One of my favorite trees is the hickory, prized for it’s use in tools and equipment because of it’s hard wood.  Hickory wood is great firewood and of course gives us the great flavor to smoked meats. It is also great tree in areas with high winds because of tap roots that go down deep in the earth, making the trees very wind resistant. It is a slow-growing, long-lived tree that is very tolerant of summer drought.

The hickory tree is a hardy tree who is not too susceptible to diseases. The most common one is Pecan Scab which is caused by a fungus. Dew and rain spread spores locally within a tree, and the wind spreads them over long distances. Pecan scab first appears as small, circular, olive-green spots that turn to black on the newly expanding leaves, leaf petioles and nut shuck tissue. Nut infections cause the greatest economic damage. pecan scab can defoliate a Hickory tree and cause severe nut loss. The only line of defence is through the use of protective fungicide sprays, although some resistant varieties exist.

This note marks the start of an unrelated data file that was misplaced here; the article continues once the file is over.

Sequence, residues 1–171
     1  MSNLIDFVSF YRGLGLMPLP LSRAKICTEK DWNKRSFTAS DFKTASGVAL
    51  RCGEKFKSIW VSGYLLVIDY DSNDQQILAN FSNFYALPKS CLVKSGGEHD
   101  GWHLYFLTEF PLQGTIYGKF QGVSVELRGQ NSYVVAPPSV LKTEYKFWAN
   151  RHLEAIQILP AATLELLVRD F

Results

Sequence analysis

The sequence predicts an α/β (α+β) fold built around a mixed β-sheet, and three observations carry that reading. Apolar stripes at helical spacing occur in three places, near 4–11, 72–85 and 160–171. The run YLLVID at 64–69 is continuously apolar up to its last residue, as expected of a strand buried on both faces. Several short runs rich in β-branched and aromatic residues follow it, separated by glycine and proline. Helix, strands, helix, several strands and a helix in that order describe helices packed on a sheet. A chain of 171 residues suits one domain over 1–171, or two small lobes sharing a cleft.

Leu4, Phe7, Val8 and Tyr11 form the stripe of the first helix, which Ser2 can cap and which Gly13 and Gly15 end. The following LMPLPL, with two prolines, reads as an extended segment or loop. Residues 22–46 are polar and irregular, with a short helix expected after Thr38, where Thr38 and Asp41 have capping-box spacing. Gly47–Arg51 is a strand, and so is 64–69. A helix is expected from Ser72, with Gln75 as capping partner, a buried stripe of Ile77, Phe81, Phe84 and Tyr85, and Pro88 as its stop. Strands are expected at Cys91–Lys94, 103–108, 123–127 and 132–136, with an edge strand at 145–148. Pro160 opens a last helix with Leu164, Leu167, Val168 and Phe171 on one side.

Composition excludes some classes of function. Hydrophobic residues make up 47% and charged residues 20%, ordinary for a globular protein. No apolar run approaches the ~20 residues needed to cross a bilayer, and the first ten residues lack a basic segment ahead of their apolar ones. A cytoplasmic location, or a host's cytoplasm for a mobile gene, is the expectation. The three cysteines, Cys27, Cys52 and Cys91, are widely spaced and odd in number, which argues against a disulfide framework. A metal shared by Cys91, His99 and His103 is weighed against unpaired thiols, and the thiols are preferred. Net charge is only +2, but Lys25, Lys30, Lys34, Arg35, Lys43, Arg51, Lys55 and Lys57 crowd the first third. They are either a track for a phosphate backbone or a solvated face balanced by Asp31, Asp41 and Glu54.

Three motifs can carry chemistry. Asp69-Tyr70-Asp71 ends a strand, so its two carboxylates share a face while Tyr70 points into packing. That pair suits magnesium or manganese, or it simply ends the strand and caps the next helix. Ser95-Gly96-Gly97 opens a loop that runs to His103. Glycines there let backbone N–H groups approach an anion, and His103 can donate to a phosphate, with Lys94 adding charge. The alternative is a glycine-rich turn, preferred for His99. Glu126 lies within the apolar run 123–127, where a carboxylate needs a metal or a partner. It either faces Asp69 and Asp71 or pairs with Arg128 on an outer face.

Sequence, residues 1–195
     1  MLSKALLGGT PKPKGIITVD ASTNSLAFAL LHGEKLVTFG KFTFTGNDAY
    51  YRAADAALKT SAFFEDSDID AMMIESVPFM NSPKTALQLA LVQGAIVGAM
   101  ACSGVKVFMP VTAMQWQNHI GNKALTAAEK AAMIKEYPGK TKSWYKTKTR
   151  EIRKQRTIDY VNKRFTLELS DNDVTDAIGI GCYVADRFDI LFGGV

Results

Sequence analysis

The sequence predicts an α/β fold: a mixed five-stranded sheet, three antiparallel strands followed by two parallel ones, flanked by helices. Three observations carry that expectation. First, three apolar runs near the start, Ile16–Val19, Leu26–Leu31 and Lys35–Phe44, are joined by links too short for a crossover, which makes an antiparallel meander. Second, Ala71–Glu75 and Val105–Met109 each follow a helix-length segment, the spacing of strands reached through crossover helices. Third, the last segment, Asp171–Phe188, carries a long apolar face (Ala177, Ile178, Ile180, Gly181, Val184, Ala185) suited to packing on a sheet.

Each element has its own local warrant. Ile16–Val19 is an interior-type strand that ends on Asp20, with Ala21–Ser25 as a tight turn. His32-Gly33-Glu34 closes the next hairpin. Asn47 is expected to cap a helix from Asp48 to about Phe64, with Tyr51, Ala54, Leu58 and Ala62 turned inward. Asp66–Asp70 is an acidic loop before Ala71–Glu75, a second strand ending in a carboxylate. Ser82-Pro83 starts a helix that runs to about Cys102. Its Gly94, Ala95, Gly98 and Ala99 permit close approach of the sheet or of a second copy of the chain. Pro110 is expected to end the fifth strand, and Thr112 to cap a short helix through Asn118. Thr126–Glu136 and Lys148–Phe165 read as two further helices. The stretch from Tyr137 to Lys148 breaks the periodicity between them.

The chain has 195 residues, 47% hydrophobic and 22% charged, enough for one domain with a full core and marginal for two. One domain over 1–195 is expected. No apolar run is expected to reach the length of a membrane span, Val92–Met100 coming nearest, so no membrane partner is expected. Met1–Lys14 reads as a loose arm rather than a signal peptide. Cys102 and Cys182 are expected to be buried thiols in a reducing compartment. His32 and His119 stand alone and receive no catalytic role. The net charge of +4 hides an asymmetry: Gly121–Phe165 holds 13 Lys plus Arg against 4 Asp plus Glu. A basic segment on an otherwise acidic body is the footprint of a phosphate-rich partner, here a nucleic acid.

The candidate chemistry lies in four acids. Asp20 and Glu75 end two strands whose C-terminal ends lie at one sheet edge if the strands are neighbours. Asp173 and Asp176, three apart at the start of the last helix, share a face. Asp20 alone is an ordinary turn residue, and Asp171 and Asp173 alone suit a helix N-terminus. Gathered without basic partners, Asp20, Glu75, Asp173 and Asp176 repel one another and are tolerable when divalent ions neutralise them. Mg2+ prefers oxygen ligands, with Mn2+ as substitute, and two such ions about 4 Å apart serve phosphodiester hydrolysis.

A 140 year old pecan tree in Benton County Tenesee is located on one of the highest ridges in the north end of the park and can be seen for miles, is probably the biggest single attraction to the area. The huge tree, almost ten feet in diameter still bears. Its limbs, some more than one hundred and fifty feet long shade more than an acre of ground. The local legend is that the tree grew from a pecan brought back by one of Andrew Jackson’s soldiers on his return from the Battle of New Orleans. The United Forest Service dates its planting back to about 1816.